World Bulletin/News Desk
Immigrants coming from the European Union to the U.K. contribute more in taxes than they take in benefits, according to a new report as a debate over the cost of immigrants rages in Britain.
The study by the University College London’s (UCL) Centre for Research and Analysis of Immigration contradicts much of what mainstream politicians have been saying in public over the last year as public sentiment in Britain has hardened towards immigrants amid harsh "austerity measures" imposed by the government.
The report found that European immigrants who had arrived in the UK since 2000 contributed more than £20 billion ($32 billion) to the U.K.'s public finances between 2001 and 2011.
Professor Christian Dustmann, Director of CReAM and co-author of the study, which looked at 10 countries which joined the EU in 2004, said on Wednesday: “A key concern in the public debate on migration is whether immigrants contribute their fair share to the tax and welfare systems."
"Our new analysis draws a positive picture of the overall fiscal contribution made by recent immigrant cohorts, particularly of immigrants arriving from the EU," he added.
Dustmann went on: "European immigrants, particularly, both from the new accession countries and the rest of the European Union, make the most substantial contributions.
"This is mainly down to their higher average labour market participation compared with natives and their lower receipt of welfare benefits," he said.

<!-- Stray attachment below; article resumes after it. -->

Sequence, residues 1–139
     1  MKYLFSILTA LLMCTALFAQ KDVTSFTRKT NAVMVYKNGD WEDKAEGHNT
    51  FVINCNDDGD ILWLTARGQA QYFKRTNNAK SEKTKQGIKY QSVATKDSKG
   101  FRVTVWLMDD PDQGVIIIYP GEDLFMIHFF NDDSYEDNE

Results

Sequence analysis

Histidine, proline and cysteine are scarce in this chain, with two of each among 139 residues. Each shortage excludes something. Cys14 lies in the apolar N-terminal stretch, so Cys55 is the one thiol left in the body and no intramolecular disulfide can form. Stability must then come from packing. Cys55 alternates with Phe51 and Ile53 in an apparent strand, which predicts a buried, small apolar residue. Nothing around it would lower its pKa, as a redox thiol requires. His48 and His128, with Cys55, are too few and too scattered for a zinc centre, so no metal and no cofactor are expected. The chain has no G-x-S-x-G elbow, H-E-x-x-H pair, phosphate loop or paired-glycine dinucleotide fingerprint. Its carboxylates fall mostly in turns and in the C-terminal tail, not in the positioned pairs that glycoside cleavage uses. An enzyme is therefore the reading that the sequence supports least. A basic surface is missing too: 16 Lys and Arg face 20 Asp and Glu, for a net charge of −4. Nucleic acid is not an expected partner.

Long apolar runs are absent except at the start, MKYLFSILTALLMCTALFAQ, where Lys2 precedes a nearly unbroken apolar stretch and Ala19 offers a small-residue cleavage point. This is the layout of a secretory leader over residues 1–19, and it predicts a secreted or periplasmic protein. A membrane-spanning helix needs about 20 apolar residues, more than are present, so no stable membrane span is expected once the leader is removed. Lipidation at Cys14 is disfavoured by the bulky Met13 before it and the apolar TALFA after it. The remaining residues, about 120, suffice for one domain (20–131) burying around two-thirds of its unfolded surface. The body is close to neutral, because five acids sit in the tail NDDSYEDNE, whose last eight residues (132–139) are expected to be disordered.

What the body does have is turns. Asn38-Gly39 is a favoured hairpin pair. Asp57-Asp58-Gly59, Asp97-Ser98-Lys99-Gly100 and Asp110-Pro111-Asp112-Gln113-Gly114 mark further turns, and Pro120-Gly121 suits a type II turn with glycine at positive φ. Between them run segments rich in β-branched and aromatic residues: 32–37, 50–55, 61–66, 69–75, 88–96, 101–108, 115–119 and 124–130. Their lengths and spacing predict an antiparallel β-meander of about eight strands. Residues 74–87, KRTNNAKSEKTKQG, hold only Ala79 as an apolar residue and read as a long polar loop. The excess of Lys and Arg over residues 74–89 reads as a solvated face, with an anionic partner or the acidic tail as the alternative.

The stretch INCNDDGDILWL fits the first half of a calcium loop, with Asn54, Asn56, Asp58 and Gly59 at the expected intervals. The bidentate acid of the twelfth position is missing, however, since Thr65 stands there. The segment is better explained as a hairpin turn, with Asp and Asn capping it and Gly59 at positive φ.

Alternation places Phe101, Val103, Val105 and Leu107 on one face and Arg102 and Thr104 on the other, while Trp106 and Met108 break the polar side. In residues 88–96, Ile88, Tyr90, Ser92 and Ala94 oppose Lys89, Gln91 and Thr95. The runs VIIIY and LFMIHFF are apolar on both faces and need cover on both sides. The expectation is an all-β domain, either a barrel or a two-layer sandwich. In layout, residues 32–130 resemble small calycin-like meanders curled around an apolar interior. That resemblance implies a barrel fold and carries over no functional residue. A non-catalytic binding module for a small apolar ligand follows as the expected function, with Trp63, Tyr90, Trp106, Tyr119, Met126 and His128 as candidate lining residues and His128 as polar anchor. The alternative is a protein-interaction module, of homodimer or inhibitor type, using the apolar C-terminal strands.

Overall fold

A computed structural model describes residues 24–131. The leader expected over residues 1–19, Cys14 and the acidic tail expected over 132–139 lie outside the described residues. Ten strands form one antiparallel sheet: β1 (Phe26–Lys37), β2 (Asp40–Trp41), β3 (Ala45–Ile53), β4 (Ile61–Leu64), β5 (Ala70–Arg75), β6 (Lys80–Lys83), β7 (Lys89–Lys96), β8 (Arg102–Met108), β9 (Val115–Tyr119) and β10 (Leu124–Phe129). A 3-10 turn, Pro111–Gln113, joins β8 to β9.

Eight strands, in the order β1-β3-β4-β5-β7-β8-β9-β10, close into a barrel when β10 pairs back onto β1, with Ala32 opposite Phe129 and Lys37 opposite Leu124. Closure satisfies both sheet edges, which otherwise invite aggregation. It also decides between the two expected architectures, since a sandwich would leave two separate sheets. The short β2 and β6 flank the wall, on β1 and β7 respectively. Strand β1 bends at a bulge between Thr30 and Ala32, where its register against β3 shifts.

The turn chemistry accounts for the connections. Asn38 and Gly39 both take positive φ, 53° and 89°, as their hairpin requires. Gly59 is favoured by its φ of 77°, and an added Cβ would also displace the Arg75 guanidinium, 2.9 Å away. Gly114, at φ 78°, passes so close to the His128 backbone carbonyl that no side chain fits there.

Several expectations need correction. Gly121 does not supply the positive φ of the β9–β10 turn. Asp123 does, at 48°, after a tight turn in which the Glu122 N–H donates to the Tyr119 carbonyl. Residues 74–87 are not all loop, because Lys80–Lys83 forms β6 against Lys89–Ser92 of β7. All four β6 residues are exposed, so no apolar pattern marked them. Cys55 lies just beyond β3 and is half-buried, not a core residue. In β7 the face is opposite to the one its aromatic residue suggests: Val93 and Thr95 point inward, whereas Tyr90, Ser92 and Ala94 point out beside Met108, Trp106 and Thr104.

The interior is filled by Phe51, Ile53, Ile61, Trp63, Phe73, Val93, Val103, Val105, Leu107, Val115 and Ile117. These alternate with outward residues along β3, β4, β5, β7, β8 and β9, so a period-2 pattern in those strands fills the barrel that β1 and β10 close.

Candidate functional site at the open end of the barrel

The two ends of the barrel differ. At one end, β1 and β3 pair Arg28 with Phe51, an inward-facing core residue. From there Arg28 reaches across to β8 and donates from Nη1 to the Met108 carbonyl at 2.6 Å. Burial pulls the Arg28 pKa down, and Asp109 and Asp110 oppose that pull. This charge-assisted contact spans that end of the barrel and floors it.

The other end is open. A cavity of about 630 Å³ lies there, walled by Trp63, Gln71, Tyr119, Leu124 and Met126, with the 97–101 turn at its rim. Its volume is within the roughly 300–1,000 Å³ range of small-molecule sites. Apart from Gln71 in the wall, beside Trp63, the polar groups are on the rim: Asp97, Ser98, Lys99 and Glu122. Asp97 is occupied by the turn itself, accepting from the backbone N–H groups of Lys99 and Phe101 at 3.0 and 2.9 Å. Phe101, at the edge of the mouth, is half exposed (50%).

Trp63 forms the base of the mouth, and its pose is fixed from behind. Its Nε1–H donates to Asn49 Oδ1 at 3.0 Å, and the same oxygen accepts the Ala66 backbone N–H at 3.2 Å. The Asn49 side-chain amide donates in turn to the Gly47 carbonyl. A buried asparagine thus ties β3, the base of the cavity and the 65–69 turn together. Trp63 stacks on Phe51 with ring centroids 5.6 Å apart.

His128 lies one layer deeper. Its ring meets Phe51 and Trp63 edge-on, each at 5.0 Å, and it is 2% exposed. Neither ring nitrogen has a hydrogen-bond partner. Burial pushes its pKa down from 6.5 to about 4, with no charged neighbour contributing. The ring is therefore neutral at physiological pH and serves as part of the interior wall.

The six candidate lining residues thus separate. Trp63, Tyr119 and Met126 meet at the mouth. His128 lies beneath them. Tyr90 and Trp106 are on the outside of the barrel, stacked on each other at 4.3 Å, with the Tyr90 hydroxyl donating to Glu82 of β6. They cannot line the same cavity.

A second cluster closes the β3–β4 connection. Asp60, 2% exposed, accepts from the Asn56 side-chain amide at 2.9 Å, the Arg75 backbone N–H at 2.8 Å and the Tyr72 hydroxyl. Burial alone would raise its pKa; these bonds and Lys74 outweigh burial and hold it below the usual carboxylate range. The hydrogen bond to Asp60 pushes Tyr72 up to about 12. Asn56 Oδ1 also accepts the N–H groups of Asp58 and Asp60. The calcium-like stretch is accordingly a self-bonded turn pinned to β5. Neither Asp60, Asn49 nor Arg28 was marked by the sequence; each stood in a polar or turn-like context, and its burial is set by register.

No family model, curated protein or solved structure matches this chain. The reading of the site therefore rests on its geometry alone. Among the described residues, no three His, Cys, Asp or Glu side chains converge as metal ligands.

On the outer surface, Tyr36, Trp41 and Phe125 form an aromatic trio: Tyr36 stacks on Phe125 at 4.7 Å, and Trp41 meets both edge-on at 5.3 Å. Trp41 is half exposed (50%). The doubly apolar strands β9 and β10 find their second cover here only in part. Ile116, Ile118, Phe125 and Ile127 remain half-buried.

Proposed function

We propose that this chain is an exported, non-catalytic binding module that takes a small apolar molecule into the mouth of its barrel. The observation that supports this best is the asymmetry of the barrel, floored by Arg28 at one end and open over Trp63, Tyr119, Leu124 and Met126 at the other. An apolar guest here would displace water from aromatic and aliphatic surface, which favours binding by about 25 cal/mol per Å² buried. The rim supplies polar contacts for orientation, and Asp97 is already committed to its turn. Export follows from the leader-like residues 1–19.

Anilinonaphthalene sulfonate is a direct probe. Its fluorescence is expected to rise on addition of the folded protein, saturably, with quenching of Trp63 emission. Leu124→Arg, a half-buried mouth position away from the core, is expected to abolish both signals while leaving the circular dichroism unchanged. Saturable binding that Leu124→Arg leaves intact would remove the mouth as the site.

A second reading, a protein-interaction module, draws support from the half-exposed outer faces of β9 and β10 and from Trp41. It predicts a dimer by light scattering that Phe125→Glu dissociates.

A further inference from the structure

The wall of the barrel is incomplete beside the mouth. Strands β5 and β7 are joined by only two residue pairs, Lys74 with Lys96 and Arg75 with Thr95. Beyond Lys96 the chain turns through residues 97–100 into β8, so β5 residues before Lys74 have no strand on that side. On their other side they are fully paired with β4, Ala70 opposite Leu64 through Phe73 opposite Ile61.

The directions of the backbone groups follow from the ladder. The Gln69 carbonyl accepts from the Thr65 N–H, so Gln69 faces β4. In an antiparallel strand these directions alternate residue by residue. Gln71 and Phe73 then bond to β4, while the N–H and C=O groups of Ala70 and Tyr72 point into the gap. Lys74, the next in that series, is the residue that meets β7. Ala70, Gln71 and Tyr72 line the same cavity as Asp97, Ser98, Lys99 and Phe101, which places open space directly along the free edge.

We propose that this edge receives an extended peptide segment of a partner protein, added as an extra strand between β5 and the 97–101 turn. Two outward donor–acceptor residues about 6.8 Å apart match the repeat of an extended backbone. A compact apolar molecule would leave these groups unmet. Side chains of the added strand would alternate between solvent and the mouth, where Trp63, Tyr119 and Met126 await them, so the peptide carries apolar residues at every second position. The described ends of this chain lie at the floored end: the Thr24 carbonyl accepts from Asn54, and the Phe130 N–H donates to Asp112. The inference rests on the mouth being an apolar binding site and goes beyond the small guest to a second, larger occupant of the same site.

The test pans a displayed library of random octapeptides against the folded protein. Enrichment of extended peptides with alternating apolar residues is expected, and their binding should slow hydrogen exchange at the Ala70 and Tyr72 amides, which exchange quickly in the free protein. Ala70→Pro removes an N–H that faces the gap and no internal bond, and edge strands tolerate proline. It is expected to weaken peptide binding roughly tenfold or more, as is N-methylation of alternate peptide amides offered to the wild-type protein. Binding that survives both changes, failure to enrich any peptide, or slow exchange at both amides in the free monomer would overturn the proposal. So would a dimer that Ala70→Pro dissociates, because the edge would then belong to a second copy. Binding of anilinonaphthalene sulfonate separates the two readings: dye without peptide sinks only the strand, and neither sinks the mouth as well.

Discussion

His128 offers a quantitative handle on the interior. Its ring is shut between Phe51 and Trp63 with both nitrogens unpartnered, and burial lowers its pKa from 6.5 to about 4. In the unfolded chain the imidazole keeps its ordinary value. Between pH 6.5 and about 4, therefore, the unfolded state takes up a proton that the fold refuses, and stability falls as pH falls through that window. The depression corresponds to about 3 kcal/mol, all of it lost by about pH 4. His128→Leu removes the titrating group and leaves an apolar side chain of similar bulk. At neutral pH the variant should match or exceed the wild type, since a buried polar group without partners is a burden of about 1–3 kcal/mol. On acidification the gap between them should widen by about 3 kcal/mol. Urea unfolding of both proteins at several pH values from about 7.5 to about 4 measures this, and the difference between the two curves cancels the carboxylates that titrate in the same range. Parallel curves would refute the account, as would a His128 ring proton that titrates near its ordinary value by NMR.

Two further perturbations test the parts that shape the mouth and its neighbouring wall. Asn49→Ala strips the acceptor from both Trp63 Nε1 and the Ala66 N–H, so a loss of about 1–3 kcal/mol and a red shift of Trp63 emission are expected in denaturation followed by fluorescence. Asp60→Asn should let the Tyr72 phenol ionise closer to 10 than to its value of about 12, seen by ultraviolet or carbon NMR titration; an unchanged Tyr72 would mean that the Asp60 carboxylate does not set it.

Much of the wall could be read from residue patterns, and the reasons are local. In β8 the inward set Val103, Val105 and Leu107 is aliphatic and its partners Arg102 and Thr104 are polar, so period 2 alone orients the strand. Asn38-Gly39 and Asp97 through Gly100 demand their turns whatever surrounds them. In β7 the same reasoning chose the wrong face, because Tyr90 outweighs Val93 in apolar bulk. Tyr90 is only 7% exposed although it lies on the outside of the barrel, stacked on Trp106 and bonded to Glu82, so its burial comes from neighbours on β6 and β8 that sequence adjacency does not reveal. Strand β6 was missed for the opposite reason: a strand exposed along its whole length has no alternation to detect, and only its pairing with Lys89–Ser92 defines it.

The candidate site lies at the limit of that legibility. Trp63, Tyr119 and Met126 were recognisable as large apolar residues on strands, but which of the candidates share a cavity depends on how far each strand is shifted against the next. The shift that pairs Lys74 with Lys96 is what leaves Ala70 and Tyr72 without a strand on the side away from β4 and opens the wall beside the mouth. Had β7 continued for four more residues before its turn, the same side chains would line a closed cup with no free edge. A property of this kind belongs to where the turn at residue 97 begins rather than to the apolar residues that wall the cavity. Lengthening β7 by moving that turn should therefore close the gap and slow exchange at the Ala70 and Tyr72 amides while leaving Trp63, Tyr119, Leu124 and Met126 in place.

Many politicians have accused migrants of being an economic drain on the U.K. and coming there in order to receive benefits, as Prime Minister David Cameron's Conservative party has come under pressure from the anti-EU and anti-immigration UK Independence Party (UKIP).
However, immigrants were also found to have added £4.96 billion more in taxes than they took out in benefits from 2004 until 2011, the report said.
The report also stated European migrants gave the country “productive human capital,” that would otherwise have cost it £6.8 billion.
In the decade from 2001 to 2011, European immigrants from the EU-15 countries contributed 64 percent more in taxes than they received in benefits, whereas immigrants from Central and Eastern European contributed 12 percent more than they received.
The report paints an overall positive picture of EU immigrants and their contribution to the U.K. and points out that EU immigrants are less likely to receive state benefits and live in social housing compared to UK nationals.
The conservatives have lost many votes to the UKIP party, according to opinion polls, and two Conservative MPs have defected to it.
Cameron has responded by taking a stronger line on the EU and immigration to address the growing concerns of his party members.
The adoption of anti-immigrant rhetoric in the U.K. amid calls to limit immigration have led to Germany’s chancellor Angela Merkel saying that the principle of free movement within the EU was a “red line,” and she would rather see the U.K. leave the EU than have it compromised, according to reports in the German magazine Der Spiegel.
Douglas Carswell sparked a by-election when he switched from the Conservative Party to UKIP in August and stood down from his parliamentary seat in Clacton, Essex.
He retook the constituency for UKIP with a 12,404 majority. Mark Reckless, the Conservative MP for Rochester and Strood, announced weeks later that he was also defecting to UKIP, triggering another by-election to be held later this month.
David Cameron is to give a speech on immigration before Christmas.Last Mod: 05 Kasım 2014, 15:31